In much of this volume, the focus has been on interactions between antagonists—viruses, bacteria, and parasitoids—whose presence is not welcome within the host, and where death of the host is often required for the propagation of the virus, bacterium, or parasitoid. However, the central importance of pathology in the life history of microparasites that interact with insects is by no means universal. For microbes that benefit from vertical transmission—that is, through the gamete to the next generation—the maintenance of a healthy female host is a pre-requisite for the survival of the microbe. In these cases, the microbes are termed symbionts to reflect that their whole existence is within the host. Symbiosis, in this context, does not judge whether the interaction is net beneficial or deleterious to the parties. Rather, it is a value-free term, in the sense of de Bary (1879), that reflects 'living together'.

Why should a book on insect infection and immunity carry a chapter on symbionts? There are two main reasons. First, recent work has indicated that some of these symbionts are themselves involved in defence of the host against pathogens and parasites. Whereas these bacteria are not part of the classical immune armoury as discussed elsewhere in this volume, recent studies have led to their emergence as important components of resistance to pathogens in aphids and elsewhere.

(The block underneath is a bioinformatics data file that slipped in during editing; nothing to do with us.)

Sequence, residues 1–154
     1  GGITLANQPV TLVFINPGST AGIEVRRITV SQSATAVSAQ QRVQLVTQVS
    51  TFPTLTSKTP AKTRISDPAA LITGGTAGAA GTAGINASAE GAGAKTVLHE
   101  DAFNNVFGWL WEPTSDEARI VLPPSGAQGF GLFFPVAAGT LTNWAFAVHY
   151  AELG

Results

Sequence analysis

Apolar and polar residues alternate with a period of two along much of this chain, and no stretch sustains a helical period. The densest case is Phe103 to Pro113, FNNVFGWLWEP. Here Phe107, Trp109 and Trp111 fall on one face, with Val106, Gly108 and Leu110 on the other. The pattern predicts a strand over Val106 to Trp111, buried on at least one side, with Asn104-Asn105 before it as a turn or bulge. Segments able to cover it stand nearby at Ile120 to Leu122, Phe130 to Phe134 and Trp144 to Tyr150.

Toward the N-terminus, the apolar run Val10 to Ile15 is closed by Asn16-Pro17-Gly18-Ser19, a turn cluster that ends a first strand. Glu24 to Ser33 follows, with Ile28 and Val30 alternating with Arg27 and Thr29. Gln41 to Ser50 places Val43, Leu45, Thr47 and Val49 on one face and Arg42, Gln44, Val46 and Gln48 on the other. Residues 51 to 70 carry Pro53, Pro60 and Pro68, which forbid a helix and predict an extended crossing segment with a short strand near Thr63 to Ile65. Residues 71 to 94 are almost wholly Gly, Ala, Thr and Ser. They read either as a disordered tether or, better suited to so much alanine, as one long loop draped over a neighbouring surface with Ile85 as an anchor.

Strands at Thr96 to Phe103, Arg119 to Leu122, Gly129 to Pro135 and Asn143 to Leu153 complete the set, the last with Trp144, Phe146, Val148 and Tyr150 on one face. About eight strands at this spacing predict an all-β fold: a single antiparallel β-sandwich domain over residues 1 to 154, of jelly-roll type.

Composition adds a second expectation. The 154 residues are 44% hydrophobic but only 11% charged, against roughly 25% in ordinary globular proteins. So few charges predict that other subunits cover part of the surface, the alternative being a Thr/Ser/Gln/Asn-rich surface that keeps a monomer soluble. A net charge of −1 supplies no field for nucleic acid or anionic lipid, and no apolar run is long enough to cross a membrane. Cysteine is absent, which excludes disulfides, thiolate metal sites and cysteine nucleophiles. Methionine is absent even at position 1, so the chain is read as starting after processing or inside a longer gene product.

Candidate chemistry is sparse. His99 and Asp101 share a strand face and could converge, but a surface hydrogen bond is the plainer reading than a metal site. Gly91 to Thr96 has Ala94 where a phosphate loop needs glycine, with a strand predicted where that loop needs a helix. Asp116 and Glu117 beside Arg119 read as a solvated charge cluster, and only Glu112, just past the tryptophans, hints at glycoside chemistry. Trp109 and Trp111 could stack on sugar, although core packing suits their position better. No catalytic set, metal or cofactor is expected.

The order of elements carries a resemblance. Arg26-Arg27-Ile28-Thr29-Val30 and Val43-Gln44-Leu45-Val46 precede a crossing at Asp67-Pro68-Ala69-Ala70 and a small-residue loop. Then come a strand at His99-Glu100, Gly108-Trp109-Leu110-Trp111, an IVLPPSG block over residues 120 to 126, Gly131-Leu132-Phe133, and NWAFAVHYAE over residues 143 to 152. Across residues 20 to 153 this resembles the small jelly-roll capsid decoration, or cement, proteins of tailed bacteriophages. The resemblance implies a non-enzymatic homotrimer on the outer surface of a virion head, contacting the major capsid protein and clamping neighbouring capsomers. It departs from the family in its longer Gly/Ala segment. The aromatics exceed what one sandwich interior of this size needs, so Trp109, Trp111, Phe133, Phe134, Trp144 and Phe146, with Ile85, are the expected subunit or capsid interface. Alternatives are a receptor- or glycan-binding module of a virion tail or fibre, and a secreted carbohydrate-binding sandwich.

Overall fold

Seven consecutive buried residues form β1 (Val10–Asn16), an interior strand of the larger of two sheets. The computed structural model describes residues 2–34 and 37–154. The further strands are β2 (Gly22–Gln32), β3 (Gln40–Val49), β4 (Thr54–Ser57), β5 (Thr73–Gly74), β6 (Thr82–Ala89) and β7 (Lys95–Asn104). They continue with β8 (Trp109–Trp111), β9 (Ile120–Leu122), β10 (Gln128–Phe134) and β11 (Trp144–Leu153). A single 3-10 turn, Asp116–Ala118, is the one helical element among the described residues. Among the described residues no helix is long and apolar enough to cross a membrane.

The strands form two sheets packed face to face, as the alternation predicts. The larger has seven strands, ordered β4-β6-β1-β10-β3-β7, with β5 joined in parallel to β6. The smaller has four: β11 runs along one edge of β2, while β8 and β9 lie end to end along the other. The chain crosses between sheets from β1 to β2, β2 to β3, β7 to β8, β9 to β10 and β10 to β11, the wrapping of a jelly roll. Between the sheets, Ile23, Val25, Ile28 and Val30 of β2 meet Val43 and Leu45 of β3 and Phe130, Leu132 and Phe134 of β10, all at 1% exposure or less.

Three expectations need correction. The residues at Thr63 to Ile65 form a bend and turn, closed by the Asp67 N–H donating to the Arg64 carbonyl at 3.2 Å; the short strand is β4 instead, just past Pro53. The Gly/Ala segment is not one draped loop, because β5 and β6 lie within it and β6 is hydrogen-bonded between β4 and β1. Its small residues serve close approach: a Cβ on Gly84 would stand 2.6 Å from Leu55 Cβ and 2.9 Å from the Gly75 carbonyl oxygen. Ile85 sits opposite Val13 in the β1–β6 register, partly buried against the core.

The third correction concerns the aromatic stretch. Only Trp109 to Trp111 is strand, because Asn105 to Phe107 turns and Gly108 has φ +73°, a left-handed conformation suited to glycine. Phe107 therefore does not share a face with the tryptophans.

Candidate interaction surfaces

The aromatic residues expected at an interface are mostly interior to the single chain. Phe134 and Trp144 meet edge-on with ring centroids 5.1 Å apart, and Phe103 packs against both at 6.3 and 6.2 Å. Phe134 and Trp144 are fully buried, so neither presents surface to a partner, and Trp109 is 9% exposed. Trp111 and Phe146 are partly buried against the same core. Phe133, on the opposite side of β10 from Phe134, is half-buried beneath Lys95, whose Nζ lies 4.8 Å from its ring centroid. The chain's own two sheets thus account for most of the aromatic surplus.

As such, they will have important effects on the ecological and evolutionary dynamics of host-pathogen interactions. Second, because bacterial symbionts live within an insect with a 'fully loaded' immune system, they represent an interesting area of interaction that may be important in the design and evolution of insect immune systems. For inherited symbionts that are parasitic, they represent antagonists that the immune system is selected to detect and remove. However, for symbiotic bacteria that are beneficial (indeed, necessary) to the host, selection must act on the host to maintain a fully functional immune system while not killing off its partner. We will discuss how this occurs, and how possession of a necessary symbiont might affect the evolution of the immune system which runs alongside it. We will raise the hypothesis that immune-system evolution may be best understood not solely as a product of antagonistic coevolution with parasites, but is additionally subject by the need to accommodate a changing array of beneficial partners. In this chapter, we first review briefly the diversity of insect-symbiont interactions, before examining these two topics in turn.

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